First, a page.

Retired 4-H Leader Continues to Serve
Writer: Zuri Valentin, USU FCHD master's student and USU Extension intern, Cache County office
Retired 4-H Leader Continues to Serve
Leaders are central to the 4-H youth development program. Their time and dedication help 4-H youth experience learning and personal growth. For one particular leader, 4-H has become a part of who she is. Becky Mitchell has served in the 4-H program for more than 30 years. A desire to serve others and a firm belief in the impact the 4-H program has on youth have kept her serving all these years.
Mitchell’s experience with 4-H began at home.
“When my daughter was in sixth grade, she announced to me that she was going to have her own drama club,” Mitchell said. “I helped her create an official 4-H club and she led it all on her own. With minimal help, the club performed quite a few plays.”
Mitchell said one of her favorite aspects of the 4-H program is the concept that youth learn by doing. She enjoyed seeing her children learn from the 4-H projects and activities.
Mitchell later had the opportunity to be employed at the State 4-H office where she worked for many years. She helped initiate new programs and worked with youth from all over Utah as well as from other states. She was able to see the impact volunteering and giving service had on many youth.
Mitchell retired early from her position at the State 4-H office, but that was not the end of her dedication to 4-H. She said the principles of volunteering and service she taught and participated in through 4-H were ingrained in her. Two months after retiring, she and her husband traveled to China to teach English classes. While she was there, she visited an orphanage and shared her experience with her English class students. She learned that they were interested in visiting the orphanage themselves. Taking small groups at a time, Mitchell began doing service projects with the students for the orphanage.
She and her husband returned home after their teaching assignment, but were back in China within a year. Their second teaching experience in China was at a different university. The style Mitchell used to teach her classes was similar to the way 4-H clubs are organized. When a 4-H club is initiated, the leadership of the club is established and led by the youth. In a similar way, Mitchell had her students volunteer to do jobs such as conducting class and taking role.
“They all wanted to volunteer,” said Mitchell. “They had not had these opportunities before.”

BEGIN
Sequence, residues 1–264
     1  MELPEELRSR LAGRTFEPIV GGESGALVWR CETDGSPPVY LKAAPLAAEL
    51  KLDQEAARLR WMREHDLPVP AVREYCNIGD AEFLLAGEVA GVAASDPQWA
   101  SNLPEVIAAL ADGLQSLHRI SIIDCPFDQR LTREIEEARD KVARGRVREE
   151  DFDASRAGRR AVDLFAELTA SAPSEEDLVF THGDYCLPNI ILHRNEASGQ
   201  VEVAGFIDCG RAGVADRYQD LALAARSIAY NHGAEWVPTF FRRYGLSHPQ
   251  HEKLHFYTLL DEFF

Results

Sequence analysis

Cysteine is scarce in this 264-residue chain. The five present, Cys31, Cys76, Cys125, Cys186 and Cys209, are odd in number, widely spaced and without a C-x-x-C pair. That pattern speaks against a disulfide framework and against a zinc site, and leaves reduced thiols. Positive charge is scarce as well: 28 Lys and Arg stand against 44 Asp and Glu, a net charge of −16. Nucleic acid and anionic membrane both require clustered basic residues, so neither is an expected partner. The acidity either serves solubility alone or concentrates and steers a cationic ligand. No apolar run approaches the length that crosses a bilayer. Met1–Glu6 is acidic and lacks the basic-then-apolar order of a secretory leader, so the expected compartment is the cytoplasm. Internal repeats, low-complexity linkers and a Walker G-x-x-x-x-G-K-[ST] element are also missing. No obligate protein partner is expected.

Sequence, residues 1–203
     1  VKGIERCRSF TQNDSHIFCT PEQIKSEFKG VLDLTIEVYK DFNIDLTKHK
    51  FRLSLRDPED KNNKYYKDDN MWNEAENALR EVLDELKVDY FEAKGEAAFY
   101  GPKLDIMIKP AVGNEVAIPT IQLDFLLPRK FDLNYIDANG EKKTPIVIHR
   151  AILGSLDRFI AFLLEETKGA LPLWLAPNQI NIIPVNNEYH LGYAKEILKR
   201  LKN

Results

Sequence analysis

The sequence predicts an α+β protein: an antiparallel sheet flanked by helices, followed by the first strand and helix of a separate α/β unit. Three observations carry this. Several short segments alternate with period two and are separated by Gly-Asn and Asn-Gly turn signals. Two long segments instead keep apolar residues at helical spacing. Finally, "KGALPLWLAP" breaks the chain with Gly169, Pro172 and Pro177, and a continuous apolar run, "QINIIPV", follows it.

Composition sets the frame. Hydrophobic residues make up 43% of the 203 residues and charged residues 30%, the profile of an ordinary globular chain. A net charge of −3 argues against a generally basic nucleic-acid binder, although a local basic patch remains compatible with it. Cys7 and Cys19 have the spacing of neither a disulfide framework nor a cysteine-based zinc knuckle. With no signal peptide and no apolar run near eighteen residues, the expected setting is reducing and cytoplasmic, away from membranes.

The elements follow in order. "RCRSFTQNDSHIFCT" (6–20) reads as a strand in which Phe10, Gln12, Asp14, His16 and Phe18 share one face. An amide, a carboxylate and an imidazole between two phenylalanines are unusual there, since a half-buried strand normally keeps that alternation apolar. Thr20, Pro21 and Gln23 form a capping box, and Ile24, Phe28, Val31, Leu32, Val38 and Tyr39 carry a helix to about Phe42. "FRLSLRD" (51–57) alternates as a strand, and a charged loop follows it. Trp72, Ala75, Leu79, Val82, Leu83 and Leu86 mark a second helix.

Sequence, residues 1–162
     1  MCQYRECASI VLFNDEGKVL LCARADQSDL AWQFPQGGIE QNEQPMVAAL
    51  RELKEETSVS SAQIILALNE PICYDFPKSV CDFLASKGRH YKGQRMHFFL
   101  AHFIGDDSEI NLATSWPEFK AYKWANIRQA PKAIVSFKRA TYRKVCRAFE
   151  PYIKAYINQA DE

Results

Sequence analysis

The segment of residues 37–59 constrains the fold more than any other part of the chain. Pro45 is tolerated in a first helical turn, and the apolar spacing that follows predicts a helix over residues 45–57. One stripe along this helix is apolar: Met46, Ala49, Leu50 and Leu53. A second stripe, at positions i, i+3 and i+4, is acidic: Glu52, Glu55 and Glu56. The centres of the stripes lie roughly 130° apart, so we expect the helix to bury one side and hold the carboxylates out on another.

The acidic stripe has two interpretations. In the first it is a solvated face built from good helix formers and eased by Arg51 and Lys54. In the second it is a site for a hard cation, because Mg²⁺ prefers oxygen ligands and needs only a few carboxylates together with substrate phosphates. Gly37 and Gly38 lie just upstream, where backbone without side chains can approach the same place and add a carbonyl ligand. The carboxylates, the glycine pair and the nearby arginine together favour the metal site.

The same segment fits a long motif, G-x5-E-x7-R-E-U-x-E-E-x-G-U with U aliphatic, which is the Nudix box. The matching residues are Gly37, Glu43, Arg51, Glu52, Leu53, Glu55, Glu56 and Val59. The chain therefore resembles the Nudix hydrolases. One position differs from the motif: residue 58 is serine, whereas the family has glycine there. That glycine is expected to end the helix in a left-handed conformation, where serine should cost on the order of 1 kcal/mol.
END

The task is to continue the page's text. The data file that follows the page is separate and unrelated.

Seeing their desire to volunteer and learn leadership skills, Mitchell began a 4-H club with as many students as wanted to attend. Along with teaching leadership skills, Mitchell said she also taught the students that a big part of the 4-H program is volunteering and giving service. As a club, their goal became to serve the children of rural China by improving their education. Their first project was a Christmas party fundraiser. With help from a group of professors, the club was able to find a school where they could donate funds and give of their time.
The students’ volunteer project, the sunshine project, began in 2003. The 4-H club and the project have continued each year since. One of the students, Huang Xin Yi (Amelia), was the 4-H club president for two years. She graduated in May with a bachelor’s degree in English and will pursue her master’s degree in English literature at a different university in China.
The other volunteer, Zhang Yi Han (Tina), also graduated in May with a bachelor’s degree in English and will continue at the same university in China to pursue a master’s degree so she can become an interpreter. Tina is the current 4-H club president. She plans to continue the sunshine project, and there are plans for the project to evolve so that individuals throughout China will be able to make donations online.
Amelia and Tina have learned much from their 4-H experience. Amelia said she learned of the importance of team work and that when working together, seemingly impossible things can be accomplished. The 4-H program has also broadened her mind with new ideas. Tina said she learned the concept of service. Though she learned as a child that helping others is important, it was through 4-H that she learned she does not need to wait for others to ask for help. Taking the initiative to serve others is important to her now.
This summer, Mitchell is exposing the two women to the 4-H program in Utah. They are amazed by the variety of 4-H activities available to children and plan to implement these ideas in China. While in Utah, they are improving their English language skills by participating in the Global Academy English emersion program.
These two volunteers illustrate the extent to which Mitchell’s efforts have exemplified the 4-H motto to make the best better. Mitchell said she believes in a quotation by Albert Schweitzer that states, “...the only ones among you who will be really happy are those who will have sought and found how to serve.”
Mitchell said she has found great joy and happiness in working with other people and learning from them. 4-H has been a life-long opportunity to serve.